OSHA cites Alabama lumber mill

VANCE, AL – The U.S. Department of Labor's Occupational Safety and Health Administration has cited KyKenKee Inc. in Vance for 15 safety and health violations after a worker was killed in December 2010 when a log fell 13 feet from a debarker conveyor, striking him in the head.

OSHA cited the lumber mill for one willful safety violation related to the incident for failing to fence the area to prevent access and post warning signs. Employees interviewed indicated that logs rolling off the conveyor were an ongoing hazard, but the company had chosen not to address the problem. A willful violation is one committed with intentional knowing or voluntary disregard for the law's requirements, or with plain indifference to worker safety and health.

Ten serious safety and health violations include allowing employees to use stairs that lacked standard rails, using platforms that lacked standard rails; allowing a portable fire extinguisher to be blocked by materials; allowing employees to work on a floor that was cracked and uneven; using light switch receptacles that lacked cover plates; not having machine guards on equipment; not guarding sprockets and chains on conveyors; exposing employees to noise hazards; and failing to develop lockout/tagout procedures to prevent unexpected startups of the machinery when workers serviced equipment. Additionally, a 2-inch diameter shaft on a piece of equipment projected 6 inches and was not guarded by nonrotating caps or safety sleeves. A serious violation occurs when there is substantial probability that death or serious physical harm could result from a hazard about which the employer knew or should have known.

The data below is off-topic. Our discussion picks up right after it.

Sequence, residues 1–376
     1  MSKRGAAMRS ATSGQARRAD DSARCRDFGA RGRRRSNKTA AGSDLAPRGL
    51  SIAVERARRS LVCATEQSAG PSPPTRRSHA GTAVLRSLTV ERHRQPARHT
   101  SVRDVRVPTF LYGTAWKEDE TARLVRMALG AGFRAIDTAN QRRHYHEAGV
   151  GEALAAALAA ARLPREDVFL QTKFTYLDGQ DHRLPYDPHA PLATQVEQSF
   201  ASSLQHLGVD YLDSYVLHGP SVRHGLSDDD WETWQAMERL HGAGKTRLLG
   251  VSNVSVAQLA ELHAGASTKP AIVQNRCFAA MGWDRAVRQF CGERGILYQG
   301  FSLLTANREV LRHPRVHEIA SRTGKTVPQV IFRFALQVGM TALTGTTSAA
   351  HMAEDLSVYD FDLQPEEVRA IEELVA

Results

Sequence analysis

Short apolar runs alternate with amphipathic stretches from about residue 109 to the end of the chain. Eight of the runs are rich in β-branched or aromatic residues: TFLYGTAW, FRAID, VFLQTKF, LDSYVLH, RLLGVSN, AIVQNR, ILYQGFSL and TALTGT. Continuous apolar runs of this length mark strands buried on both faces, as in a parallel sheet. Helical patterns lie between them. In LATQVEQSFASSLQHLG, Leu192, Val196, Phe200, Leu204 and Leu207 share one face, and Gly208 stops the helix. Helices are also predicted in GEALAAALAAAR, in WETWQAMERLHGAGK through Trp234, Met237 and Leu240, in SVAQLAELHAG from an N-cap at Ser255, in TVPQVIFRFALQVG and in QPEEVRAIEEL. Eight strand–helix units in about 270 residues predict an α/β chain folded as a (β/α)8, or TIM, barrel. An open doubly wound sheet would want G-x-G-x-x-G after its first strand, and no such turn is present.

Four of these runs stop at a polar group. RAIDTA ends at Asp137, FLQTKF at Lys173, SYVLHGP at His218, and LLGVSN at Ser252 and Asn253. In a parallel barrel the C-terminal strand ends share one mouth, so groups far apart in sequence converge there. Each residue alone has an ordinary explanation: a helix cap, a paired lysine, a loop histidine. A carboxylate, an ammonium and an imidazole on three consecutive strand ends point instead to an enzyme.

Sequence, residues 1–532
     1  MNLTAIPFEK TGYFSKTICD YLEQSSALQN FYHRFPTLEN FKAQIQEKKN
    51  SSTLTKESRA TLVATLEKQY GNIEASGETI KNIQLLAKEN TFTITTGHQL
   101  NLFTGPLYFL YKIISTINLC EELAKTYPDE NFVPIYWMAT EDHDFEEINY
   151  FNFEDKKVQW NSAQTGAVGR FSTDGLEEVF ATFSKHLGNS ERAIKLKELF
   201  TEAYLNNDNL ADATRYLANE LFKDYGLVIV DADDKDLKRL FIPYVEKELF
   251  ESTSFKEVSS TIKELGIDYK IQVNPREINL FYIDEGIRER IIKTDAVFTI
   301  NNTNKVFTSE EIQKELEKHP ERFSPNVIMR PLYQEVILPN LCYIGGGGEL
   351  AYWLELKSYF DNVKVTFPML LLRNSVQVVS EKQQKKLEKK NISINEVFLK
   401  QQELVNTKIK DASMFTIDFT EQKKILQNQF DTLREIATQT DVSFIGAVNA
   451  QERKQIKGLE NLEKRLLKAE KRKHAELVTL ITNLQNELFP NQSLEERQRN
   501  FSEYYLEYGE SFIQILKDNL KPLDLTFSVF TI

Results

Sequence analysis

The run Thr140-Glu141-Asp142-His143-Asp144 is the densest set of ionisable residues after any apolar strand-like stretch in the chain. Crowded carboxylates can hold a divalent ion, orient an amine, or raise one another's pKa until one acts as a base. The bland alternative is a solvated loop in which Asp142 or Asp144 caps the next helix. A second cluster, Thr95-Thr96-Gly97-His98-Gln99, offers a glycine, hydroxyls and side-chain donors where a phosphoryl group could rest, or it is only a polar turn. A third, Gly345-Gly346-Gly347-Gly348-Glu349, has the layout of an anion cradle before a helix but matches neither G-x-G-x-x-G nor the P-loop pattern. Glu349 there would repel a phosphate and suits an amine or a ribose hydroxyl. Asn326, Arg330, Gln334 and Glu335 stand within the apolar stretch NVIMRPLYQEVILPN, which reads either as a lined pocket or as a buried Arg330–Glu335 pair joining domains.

Four other-than-serious violations include not recording a 2010 injury in the required OSHA log; having a poorly maintained, dirty bathroom with trash on the floor; not posting a copy of the noise standard in the workplace; and not conducting a noise monitoring program for those employees exposed to noise exceeding 85 decibels. An other-than-serious violation is one that has a direct relationship to job safety and health, but probably would not cause death or serious physical harm.

"Waiting for an accident to happen before eliminating hazards is a reckless act by management that OSHA will not tolerate," said Roberto Sanchez, director of OSHA's Birmingham Area Office. "This tragedy should have been prevented, and it is imperative that the company complies immediately."

Penalties for the citations total $121,400. The company has 15 business days from receipt of the citations and proposed penalties to comply, request an informal conference with OSHA's area director or contest the findings before the independent Occupational Safety and Health Review Commission. The site was inspected by staff from OSHA's Birmingham office.

Under the Occupational Safety and Health Act of 1970, employers are responsible for providing safe and healthful workplaces for their employees. OSHA's role is to ensure these conditions for America's working men and women by setting and enforcing standards, and providing training, education and assistance.


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